"I will tell you," said Randy, and sitting down he told his story, just as I have related it here. In the midst of the recital Mr. Thompson came in, and he listened also to what our hero had to say.

"I hope Mr. Bartlett gets what is coming to him," said Mr. Thompson. "And I hope Mr. Shalley brings that Peter Polk to terms also."

The next morning Randy received word to come to the iron works. He went and there witnessed a stormy meeting between Amos Bangs on one side and Mr. Bartlett and Mr. Robinson on the other. Randy was called in as a witness, and what he had to say made Amos Bangs gasp for breath and sink into a chair.

"You are going to expose me--to ruin me!" gasped Amos Bangs, at last, addressing the two men who had accused him.

"We shall expose you unless you give up the control here and do as we think is fair," said Philip Bartlett. "As for ruining you, I think you have about ruined yourself."

"But my wife, and my son----"

"Mrs. Bangs does not deserve my sympathy after what she has done. As for your son, he can go to work, as my son has done."

"Bob! What can he do?"

"Work may make a man of him. He will never amount to anything if you bring him up in idleness."

"It is hard!" groaned Amos Bangs. "I--I shall have to go to work myself!"

"That is what I was forced to do," answered Philip Bartlett, dryly. "But you will not be so badly off, Mr. Bangs. Your stock is worth at least four or five thousand dollars."

"Humph! That is not much. Well, I suppose I am cornered and must do as you say," and he gave a deep sigh. Secretly, however, he was glad to escape arrest.

A lawyer was called in, and the best part of the day was spent in drawing up and signing various legal documents. The iron works were thereby placed in the control of Mr. Bartlett, Mr. Robinson, and a stockholder named Wells, and Philip Bartlett was made the general manager of the company. All of the books and accounts were placed in charge of an expert accountant, and in the end Amos Bangs had to make good a deficiency of cash. The former rich man had to give up his elegant mansion, and soon after he and his family moved to the West without leaving their new address behind them.

When Randy went back to the steamboat, two days later, a surprise awaited him. An accountant, assisted by a detective, had gone over Peter Polk's affairs and discovered that the purser had robbed Andrew Shalley of between eight and ten thousand dollars. Polk had taken time by the forelock and fled. He tried to get to Canada, but telegrams were sent out, and he was caught just as he was trying to cross the Suspension Bridge at Niagara Falls. Later on he was brought back and tried, and received three years in prison for his crimes. He had nearly six thousand dollars of the stolen money in the bank, and this was turned over to Andrew Shalley. Two hundred and fifty dollars went to Mrs. Clare as part of her husband's estate.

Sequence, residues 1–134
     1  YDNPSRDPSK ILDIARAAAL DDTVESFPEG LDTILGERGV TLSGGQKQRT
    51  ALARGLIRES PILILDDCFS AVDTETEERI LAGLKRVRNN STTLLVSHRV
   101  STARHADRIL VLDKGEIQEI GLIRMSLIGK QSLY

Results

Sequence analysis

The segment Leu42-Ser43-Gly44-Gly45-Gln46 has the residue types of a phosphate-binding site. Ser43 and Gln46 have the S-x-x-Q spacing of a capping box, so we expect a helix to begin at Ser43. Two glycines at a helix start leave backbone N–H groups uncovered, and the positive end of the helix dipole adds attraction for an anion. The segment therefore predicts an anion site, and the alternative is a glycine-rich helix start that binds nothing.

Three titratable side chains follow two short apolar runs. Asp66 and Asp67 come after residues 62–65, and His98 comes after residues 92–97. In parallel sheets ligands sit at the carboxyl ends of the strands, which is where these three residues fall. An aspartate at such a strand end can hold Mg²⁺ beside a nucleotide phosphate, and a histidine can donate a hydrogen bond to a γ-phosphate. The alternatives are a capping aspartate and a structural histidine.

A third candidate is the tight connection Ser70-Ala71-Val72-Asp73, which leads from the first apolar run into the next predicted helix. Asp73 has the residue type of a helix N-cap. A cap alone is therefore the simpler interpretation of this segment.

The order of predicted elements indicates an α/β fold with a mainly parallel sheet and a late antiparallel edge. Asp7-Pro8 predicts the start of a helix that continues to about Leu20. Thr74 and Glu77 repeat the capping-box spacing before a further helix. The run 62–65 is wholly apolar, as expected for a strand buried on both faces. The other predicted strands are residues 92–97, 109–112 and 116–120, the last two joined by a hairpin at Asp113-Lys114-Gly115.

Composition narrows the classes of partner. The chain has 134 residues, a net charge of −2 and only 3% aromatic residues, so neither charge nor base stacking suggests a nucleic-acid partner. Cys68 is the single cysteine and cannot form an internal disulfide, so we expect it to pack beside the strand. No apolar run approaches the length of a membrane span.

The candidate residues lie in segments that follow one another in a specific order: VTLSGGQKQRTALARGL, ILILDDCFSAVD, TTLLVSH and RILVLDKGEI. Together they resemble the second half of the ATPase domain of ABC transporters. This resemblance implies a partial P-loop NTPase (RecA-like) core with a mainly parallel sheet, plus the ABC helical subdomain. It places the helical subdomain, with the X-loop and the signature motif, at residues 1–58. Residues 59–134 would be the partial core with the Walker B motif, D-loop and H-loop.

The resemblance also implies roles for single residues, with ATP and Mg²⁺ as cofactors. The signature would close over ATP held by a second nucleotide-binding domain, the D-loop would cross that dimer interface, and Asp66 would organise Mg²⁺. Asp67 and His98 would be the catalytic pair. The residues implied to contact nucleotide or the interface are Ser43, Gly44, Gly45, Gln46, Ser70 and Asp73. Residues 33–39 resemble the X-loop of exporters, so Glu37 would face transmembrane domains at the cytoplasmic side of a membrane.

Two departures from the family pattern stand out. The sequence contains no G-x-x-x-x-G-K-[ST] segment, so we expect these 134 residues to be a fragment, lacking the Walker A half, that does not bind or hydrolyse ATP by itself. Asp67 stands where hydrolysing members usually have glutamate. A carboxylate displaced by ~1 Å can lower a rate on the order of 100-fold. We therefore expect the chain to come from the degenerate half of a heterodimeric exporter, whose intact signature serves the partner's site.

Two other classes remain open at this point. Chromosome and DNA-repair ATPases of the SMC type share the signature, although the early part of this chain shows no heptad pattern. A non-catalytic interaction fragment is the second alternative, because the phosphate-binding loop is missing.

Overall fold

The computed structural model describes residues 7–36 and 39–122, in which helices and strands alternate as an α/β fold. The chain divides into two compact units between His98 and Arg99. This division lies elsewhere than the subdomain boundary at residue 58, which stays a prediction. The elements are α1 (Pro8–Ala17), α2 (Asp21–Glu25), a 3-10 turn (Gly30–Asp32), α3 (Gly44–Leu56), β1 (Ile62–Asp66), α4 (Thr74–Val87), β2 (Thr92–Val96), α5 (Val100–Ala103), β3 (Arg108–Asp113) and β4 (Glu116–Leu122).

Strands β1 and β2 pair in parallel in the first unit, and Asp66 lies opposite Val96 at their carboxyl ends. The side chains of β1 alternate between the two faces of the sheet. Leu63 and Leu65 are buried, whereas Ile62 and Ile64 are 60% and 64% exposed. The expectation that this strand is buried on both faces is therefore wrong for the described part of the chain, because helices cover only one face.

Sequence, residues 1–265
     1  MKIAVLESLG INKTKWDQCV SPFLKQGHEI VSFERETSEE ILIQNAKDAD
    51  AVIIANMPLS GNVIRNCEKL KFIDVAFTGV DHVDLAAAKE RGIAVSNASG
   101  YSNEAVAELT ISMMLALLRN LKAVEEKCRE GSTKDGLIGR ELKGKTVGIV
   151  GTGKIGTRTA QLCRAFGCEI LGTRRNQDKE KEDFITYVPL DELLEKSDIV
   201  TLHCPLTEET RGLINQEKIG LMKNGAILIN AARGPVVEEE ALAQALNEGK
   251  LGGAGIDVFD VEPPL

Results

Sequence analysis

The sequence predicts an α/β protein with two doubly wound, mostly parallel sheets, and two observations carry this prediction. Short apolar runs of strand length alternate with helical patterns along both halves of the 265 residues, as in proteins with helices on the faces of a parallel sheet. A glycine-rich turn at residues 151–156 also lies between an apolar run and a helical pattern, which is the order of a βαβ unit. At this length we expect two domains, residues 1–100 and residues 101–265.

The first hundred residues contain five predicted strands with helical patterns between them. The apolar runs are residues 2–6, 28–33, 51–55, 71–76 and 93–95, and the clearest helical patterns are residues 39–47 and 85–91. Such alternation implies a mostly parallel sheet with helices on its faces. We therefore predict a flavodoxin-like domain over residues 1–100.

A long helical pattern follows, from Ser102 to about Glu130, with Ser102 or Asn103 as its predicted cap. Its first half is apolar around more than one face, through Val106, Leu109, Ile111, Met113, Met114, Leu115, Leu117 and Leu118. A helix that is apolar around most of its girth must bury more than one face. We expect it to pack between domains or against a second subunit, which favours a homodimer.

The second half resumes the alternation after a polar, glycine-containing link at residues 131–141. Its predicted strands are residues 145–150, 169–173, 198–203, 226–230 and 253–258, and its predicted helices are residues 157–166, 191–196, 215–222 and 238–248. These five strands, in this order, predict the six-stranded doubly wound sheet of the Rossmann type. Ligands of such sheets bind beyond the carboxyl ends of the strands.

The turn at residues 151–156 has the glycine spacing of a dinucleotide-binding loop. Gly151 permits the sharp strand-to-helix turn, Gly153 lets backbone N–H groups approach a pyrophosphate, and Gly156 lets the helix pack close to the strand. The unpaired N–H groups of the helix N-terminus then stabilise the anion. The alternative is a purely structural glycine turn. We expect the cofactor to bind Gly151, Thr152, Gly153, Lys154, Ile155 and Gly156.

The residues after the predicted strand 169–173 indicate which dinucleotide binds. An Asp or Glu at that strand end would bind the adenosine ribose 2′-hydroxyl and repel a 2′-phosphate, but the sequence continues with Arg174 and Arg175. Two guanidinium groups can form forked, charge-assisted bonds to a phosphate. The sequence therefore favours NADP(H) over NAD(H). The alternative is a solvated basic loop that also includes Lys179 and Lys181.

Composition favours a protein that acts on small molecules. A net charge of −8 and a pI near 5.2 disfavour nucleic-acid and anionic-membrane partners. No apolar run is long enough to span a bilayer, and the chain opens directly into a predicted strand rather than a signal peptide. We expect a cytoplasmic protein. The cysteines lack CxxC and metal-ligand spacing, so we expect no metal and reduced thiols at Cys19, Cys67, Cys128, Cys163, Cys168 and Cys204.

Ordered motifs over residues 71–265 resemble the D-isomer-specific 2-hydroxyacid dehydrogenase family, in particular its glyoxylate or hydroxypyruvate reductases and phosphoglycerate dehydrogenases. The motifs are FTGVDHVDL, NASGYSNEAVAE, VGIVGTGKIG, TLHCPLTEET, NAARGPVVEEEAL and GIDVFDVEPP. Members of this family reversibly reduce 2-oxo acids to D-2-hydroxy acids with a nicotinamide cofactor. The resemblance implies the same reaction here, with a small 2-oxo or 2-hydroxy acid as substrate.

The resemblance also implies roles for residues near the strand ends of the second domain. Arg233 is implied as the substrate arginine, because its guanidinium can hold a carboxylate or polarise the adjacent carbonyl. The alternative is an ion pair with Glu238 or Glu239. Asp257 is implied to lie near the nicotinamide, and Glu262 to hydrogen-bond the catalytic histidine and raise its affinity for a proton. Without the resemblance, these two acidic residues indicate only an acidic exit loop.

"Bringing Peter Polk to justice is due to you, Randy," said the steamboat owner, after the affair was a thing of the past. "I feel I must reward you for what you did."

"I don't ask any reward, Mr. Shalley. I am glad that I cleared my own name."

"Here is something for you, nevertheless," said Andrew Shalley, and handed a big document to our hero.

"What is it?"

"It is the deed to the farm on which your folks are living. It is made out in your name. I bought the place from Peter Thompson, your uncle. Now you have something that you can really call your own," and Mr. Shalley laughed pleasantly.

"Mr. Shalley, you are more than kind," cried Randy, warmly. "Do my parents know of this?"

"No. You can go home over Sunday and surprise them."

"I will, and I thank you very much, sir."

Randy went home, and there was a general rejoicing over the good news. But more was to follow.

"I met Mr. Bartlett to-day," said Mr. Thompson. "He says they want a first-class carpenter at the iron works to take charge of the repairs He offered me the place at a dollar a day more than I am getting."

"Good enough, father!" cried Randy. "That is just like Mr. Bartlett."

"He said he wanted to do something for us on your account. And he sent you this," added Mr. Thompson, and brought out a neat silver watch and chain. It was a nice present and pleased Randy greatly.

Not long after that the season on the river closed and Randy came home for the winter. As his father now had a steady place at good wages, the youth went to school, in company with Jack Bartlett, who had moved back to Riverport with the rest of his family. Randy was a good scholar and made rapid progress.

"I want you to get a good education," wrote Andrew Shalley to our hero. "Then, later on, you can enter my office if you wish, or take a better place on the steamboat."

Six years have passed since that time and Randy has finished his education. He is now the general manager for the steamboat company, and rumor has it that he is soon to marry Rose Clare, who still lives with the Shalleys. He is prosperous, but come what may, will never forget the time when he was only a deckhand.

Horatio Alger's Novel: Randy of the River: The Adventures of a Young Deckhand